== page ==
When contractors and recyclers know both their obligations and their options, dealing with hazardous materials can be less intimidating.
THE ASBESTOS SCENE Tony Nocito of ABCOV Inc., New York, provided an overview of his company’s process to convert asbestos to a non-hazardous material with a different fiber structure.
Nocito said the process offers those wishing to dispose of asbestos an alternative to bagging it and taking it to landfills, or “bag, tag and store,” as Nocito called it. Nocito warned that those who have sent asbestos to landfills in such a way may yet face potentially responsible party (PRP) problems should those landfills ever cause future environmental problems.
While asbestos is now less commonly used by the building industry, demolition contractors often still encounter it.
Nocito told C&D Recycling Forum attendees that asbestos was formerly used in fireproofing products, electrical insulation, chemical filters, other building materials including some cement products, and vehicle brake linings.
Most demolition contractors have had experience with asbestos, and many have started asbestos abatement divisions to their companies. But for those less familiar with asbestos, or who would prefer to leave the work to another company, Nocito advised:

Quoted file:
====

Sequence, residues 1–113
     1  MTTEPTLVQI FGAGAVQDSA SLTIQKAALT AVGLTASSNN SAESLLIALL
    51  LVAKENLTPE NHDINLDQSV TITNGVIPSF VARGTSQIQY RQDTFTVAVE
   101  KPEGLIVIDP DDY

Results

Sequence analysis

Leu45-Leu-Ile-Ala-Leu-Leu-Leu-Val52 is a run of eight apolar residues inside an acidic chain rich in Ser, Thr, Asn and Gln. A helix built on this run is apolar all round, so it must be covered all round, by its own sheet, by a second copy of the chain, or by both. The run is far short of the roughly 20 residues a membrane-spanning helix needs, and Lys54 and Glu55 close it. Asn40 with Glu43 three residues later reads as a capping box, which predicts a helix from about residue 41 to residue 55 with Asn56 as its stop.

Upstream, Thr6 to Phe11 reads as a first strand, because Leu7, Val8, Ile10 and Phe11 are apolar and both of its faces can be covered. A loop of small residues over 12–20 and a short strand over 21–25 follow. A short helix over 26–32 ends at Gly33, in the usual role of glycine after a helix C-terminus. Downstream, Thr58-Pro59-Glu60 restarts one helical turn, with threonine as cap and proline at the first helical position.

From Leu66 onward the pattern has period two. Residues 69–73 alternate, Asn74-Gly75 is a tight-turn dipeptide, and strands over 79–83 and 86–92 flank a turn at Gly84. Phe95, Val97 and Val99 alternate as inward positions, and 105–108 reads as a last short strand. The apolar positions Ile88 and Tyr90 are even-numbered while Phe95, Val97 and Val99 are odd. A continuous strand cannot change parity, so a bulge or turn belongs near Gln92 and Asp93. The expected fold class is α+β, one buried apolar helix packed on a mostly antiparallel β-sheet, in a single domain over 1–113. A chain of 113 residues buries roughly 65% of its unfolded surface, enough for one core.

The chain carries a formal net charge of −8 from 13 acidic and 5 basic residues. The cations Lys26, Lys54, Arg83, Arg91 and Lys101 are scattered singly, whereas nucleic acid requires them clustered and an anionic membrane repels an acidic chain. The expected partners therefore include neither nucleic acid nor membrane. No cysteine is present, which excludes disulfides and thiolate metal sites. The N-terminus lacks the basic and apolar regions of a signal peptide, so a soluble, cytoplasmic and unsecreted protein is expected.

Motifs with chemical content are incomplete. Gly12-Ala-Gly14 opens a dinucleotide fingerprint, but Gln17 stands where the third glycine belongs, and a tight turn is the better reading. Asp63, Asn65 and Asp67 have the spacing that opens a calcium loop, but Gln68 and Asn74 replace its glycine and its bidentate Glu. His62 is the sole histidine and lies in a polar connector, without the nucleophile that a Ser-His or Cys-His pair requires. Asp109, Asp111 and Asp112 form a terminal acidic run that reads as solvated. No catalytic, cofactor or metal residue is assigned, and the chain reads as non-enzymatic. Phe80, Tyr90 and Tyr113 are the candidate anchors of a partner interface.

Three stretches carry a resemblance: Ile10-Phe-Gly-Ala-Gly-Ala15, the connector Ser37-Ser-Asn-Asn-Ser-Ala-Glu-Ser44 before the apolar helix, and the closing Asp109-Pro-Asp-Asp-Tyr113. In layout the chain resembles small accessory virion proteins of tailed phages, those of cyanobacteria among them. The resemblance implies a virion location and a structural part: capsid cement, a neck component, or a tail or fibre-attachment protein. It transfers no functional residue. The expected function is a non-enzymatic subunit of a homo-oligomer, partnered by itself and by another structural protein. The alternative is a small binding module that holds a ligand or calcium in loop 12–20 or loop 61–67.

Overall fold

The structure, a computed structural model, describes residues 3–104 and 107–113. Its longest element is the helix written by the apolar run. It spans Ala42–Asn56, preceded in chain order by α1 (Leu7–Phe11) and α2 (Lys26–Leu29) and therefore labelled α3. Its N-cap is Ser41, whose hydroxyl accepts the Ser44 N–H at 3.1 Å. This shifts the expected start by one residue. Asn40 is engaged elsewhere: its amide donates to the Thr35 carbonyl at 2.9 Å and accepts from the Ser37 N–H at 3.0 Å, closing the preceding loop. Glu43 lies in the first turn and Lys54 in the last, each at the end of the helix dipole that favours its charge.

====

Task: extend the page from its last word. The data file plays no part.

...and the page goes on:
It is always best to leave asbestos alone; it’s usually safe unless it’s damaged or disturbed.
The best way to deal with damaged material is to limit access to the area and not disturb it. Check with local health, environmental, or other appropriate officials to find out proper handling and disposal procedures.
Do not attempt to remove asbestos without using a licensed contractor who can safely remove the asbestos.
Nocito said the ABCOV process (www.abcov.com) complies with CERCLA (the Comprehensive Environmental Response, Compensation, and Liability Act) and offers these advantages:
permanently destroys all six forms of asbestos found in asbestos-containing material;
allows secondary hazardous and mixed wastes to be treated and stabilized;
incorporates proven, commercially available and reliable equipment;
can be modular and transportable or it can operate from a fixed base; and
can be scalable to meet a customer’s needs.
There is even a recycling aspect to the process, said Nocito, in that converted asbestos can be used for landfill cover, as an additive to concrete, in roadbed material and in other applications.